The Un-Strategy

By | November 16, 2020

I have been legitimately and constructively criticized for spending too much time in my seminars describing the issue at hand, building urgency to change and identifying what people are doing wrong.

The advice I’ve received is to do what other speakers do: Tell stories about what should be done and ignore what should not be done.

I’m working on finding the right balance. Psychologically speaking, focusing on the goal is the right advice. “Look to where you want to go.” “Drive to the point.” “Stay focused on the end goal.” All these adages are correct, with a catch.

The catch in keeping your eyes on the prize is that the goal must be immediate, or it lacks tangibility. Additionally, saying, “Stay focused” is easy. Staying focused for a long time is much more difficult. A crucial key to staying focused is eliminating distractions. Many distractions are in the category of “What should not be done.”

Another key for focusing more successfully is emphasizing execution rather than strategy. Without intense focus on execution, strategy usually does more damage than good. After all, strategy without execution is worthless, at best. Execution without any new strategy can often work quite well for a long time.

Knowing what to do generally should begin with the knowledge of what not to do. Eliminate distractions such as a messy desk so the person can focus on what actually needs to be achieved. The difference is that the person is not focusing on what not to do. Instead, those distractions are being eliminated so the person can focus on what to do. This is why I begin many presentations with what not to do.

The other advantage of this approach is that it prevents many faulty starts. By eliminating the distractions, humans are more likely to find the right solutions more quickly. The way the human brain generally works before those distractions are cleared is it creates an emphasis on finding the exact right solution immediately.

A client of mine uses the analogy of fishing (and he is a good fisherman): “I don’t know where the fish are, and I don’t pretend to know where the fish are. I eliminate where they are not which immediately increases the odds of finding them.”

Bayesian Theory

In the high-level numbers world, this is the basis of Bayesian Theory. Quit pretending to have all of the answers or having the need to discover the right answer the first time. Life is too complex. Eliminate the known losers, and finding the winners will be easier.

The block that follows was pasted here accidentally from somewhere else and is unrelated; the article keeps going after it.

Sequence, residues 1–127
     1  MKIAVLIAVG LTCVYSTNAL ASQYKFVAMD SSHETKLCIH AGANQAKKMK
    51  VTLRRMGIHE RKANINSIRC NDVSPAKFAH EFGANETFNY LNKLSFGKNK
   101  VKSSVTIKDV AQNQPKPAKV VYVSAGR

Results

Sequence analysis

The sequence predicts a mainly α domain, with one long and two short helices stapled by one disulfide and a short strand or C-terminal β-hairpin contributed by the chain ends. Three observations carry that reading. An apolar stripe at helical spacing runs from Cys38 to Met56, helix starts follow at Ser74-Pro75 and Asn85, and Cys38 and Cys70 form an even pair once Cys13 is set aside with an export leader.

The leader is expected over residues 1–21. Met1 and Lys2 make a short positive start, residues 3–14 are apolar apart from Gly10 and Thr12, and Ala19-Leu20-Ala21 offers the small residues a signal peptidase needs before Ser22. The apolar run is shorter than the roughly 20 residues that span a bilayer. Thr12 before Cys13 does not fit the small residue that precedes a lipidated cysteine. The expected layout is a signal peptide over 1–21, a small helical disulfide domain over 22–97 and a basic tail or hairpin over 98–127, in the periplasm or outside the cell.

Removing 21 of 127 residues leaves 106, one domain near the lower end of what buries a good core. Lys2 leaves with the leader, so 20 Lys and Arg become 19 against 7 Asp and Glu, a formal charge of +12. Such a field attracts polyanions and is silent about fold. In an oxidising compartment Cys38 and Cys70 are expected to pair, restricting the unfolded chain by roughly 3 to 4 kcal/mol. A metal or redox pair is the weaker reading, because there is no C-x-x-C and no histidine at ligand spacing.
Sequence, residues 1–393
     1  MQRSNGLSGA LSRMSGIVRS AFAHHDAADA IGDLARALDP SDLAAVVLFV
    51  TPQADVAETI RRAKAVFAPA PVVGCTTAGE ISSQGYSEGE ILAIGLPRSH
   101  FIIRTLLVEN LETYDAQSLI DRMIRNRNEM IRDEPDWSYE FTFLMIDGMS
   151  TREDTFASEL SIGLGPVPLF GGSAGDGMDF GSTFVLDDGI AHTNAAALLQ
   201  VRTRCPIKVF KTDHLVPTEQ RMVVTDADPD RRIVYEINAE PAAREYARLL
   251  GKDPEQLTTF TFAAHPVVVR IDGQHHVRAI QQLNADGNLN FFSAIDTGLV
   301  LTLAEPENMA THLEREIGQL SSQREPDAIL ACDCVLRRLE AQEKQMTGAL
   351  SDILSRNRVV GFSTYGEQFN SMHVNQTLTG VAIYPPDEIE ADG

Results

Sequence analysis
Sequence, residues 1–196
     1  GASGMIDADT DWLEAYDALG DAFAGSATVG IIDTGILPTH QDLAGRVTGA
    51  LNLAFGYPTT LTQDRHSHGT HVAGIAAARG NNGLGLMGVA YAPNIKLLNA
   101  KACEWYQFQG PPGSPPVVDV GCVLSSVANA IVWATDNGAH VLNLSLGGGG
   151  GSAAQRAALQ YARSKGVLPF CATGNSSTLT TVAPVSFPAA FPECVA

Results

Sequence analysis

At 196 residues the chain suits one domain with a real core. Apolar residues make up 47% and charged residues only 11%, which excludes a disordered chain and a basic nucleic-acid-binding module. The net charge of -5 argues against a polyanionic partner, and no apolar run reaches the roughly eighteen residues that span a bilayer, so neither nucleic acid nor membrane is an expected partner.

In sales, what I know relative to this approach is that if one eliminates all potential prospects that will never buy from you, the odds of making sales to others will increase. This strategy is more efficient (take less time), and you will make more money.

I also know that insureds do not need agents who do not know what they are doing. I am not saying all insureds need agents who know what they are doing.

Not needing incompetent and uneducated agents is not equal to not always needing the smartest agent. Being uneducated is where no success (no fish) exists. Does this mean success is guaranteed if one is well educated in insurance knowledge? No, but the odds are much higher.

One of the advantages of eliminating the negative space is that the person minimizes some of life’s complexities. A client sent me the book, “Six Simple Rules: How to Manage Complexity without Getting Complicated.” A great read.


Switching to management, why is managing producers so complicated? Because managers make managing producers too complex. They do not eliminate what is known not to work, especially with producers who do not produce.

By giving producers extra chances, forgiving them when they don’t follow procedures, and so forth, one is making life more complex. Give them hard parameters for doing their jobs and provide them with the training they need. Then, make it simple – let them decide if they want to succeed. Quit holding their hand for 10 or 20 years.